Anyway, a big THANK YOU to the 200 members of Change.org who signed a petition to CSUN's president, Jolene Koester, asking that Ng be forced to take down his website.
Over the years she has been a fairly conservative voice in the Roman Catholic Church, but today she comes out for ordaining women as priests.
"The old Vatican needs new blood," she says today. "They need to let younger generations of priests and nuns rise to positions of authority within a new church. Most especially and most immediately, they need to elevate women. As a nun said to me this week, if a woman had been sitting beside a bishop transferring a priest with a history of abuse, she would have said: 'Hey, wait a minute!'"Noonan reviews a column she wrote eight years ago in response to sexual abuse by priests in Boston, in which she called for the resignation of Cardinal Bernard Law, who attempted to hide the crimes.
She took a lot of criticism for that column. A year later the Cardinal, after being moved to a high-ranking post in Rome, told her: "We don't need friends of the church turning on the church at such a difficult time. We need loyalty...."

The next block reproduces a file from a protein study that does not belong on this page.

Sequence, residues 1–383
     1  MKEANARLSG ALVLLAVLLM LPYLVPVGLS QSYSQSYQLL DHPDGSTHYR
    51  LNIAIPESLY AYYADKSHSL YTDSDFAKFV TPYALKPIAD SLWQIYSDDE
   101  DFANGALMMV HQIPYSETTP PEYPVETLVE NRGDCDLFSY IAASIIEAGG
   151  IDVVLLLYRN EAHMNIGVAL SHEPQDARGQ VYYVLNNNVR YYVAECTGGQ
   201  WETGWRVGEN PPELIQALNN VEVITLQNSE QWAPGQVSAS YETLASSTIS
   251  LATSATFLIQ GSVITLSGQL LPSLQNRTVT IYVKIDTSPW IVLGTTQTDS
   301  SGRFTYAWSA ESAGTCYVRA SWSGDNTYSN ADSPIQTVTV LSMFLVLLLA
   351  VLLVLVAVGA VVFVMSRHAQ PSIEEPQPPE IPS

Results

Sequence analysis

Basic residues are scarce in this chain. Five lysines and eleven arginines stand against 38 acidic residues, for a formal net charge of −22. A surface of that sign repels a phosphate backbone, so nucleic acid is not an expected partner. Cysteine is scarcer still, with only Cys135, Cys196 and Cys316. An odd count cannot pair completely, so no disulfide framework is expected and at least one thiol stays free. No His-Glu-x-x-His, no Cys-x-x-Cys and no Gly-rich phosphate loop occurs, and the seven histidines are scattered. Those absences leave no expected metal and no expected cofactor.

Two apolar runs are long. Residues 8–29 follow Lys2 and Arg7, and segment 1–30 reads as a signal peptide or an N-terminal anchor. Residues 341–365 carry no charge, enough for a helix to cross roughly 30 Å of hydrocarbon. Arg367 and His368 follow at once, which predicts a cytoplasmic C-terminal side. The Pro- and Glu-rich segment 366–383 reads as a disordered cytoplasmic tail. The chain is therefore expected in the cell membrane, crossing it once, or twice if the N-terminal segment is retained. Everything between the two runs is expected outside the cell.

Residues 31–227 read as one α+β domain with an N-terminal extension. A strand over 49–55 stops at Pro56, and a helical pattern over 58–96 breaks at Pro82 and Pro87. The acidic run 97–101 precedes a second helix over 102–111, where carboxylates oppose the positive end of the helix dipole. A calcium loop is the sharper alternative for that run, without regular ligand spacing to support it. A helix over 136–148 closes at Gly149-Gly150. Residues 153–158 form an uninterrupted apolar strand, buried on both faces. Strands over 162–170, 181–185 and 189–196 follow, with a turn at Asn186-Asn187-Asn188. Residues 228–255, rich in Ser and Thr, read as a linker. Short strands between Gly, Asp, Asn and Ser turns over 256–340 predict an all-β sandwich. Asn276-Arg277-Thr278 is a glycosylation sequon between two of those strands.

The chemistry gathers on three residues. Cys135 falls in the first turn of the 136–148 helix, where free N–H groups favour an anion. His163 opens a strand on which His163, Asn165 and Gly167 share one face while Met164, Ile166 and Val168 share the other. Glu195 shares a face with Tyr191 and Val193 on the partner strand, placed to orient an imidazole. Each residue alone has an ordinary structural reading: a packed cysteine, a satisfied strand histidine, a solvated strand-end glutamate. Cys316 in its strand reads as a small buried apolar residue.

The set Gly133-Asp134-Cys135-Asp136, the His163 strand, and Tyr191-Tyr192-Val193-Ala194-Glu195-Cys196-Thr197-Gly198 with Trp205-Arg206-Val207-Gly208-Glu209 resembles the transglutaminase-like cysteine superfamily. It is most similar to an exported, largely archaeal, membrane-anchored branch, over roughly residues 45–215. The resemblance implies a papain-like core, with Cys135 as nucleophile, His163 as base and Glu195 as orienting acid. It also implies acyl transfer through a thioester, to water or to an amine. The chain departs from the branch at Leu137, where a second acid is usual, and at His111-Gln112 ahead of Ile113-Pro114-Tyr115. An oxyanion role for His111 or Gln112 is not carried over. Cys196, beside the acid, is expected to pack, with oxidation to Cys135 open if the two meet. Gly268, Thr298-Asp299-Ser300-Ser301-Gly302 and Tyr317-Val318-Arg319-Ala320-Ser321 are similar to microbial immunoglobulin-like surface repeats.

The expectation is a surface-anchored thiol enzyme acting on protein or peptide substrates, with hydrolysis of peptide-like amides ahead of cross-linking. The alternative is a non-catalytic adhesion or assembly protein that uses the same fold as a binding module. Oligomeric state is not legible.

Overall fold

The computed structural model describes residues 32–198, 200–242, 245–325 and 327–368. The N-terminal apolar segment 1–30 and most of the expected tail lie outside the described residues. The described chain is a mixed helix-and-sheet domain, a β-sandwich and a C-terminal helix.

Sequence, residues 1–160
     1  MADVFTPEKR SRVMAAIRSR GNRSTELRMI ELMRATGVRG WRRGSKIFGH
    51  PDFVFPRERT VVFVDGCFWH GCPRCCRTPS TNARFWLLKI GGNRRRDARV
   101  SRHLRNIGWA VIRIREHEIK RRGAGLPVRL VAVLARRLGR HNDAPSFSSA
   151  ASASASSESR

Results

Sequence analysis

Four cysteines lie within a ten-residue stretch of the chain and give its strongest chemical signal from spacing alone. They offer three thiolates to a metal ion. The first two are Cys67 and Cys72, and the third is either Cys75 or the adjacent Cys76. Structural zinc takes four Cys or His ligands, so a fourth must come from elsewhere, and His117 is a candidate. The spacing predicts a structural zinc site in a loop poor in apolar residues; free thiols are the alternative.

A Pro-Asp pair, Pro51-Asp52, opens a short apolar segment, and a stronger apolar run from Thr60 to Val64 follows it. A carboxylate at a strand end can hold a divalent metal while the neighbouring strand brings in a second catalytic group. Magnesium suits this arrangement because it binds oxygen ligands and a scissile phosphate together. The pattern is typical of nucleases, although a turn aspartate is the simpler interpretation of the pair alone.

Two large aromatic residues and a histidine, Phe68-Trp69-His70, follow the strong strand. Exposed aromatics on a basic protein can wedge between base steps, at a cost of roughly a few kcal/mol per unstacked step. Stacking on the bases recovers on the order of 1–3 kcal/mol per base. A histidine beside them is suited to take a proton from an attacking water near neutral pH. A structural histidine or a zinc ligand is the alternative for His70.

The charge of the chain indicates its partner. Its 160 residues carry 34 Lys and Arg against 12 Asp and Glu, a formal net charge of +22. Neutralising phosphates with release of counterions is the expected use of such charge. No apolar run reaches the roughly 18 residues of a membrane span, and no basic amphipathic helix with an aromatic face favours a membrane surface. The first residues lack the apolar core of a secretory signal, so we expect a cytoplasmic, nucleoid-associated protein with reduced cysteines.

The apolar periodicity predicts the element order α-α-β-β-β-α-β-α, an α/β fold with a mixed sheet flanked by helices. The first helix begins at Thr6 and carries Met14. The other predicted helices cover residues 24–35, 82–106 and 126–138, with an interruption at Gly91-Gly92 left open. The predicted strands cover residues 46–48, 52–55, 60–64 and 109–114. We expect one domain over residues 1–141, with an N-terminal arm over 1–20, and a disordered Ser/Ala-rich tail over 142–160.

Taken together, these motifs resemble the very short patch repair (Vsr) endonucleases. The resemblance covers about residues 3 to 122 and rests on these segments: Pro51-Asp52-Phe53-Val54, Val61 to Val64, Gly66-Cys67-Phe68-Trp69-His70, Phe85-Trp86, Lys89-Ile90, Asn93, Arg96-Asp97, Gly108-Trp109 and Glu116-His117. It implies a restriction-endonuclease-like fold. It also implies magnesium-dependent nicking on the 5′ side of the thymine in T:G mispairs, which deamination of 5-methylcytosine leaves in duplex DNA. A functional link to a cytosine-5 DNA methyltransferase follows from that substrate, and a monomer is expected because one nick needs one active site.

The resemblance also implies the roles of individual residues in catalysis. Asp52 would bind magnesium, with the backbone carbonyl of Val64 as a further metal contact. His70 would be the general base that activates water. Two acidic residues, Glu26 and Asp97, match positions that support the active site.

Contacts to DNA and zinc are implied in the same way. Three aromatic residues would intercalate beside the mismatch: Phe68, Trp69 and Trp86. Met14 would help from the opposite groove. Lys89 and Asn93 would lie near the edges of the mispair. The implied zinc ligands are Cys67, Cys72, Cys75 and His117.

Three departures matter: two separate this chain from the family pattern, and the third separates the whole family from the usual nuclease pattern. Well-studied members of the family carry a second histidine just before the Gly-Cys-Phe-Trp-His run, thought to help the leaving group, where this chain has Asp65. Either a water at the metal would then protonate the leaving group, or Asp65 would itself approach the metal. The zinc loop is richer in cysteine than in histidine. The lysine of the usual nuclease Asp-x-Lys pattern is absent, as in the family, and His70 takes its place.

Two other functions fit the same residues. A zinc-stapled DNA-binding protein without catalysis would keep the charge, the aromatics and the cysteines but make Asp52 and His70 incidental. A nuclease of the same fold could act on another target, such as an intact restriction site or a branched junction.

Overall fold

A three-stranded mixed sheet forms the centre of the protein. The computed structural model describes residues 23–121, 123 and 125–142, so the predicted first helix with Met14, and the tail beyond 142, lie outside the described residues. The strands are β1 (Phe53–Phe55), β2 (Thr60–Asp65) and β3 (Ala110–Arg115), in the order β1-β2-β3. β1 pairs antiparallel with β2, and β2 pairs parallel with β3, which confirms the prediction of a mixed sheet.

Yeah right, she says now.
You need reform. You need a younger generation of priests and nuns in "positions of authority."
I don't see how women would have authority without being at least priests if not bishops, archbishops, and cardinals--so I take it Noonan is in her traditionally mild voice calling for women's ordination.
You go, girl.
Wednesday, April 21, 2010
"Many women who do not dress modestly... lead young men astray, corrupt their chastity and spread adultery in society, which (consequently) increases earthquakes." --Hojatoleslam Kazem Sedighi, acting Friday prayer leader in Tehran, Iraq, speaking in a prayer sermon on April 16. (Thanks to my daughter Marie for alerting me to this one.)
In response to passage of the US health care bill: "I think the earth has opened up. God may have replied." --Rush Limbaugh. (Thanks to Juanita Wright Potter.)
Rush, don't you think Mt. Shasta or Mt. Rainier would have been a better choice of volcano if God were speaking to the US?
Hojatoleslam, you mean the volcano is shouting with Helen Reddy, "I am woman--hear me roar" ?
Anonymous Tweeter, I'm with you. That volcanic crater may be speaking a kind of vagina monologue.
In medieval times there was a gynophobic legend of the devouring vagina, lined with teeth. I guess certain men today are still afraid of woman power.
Saturday, April 3, 2010
Starting with the execution of Jesus and continuing with persecution in the first few formative centuries, the church believes that secular forces against it are always negative.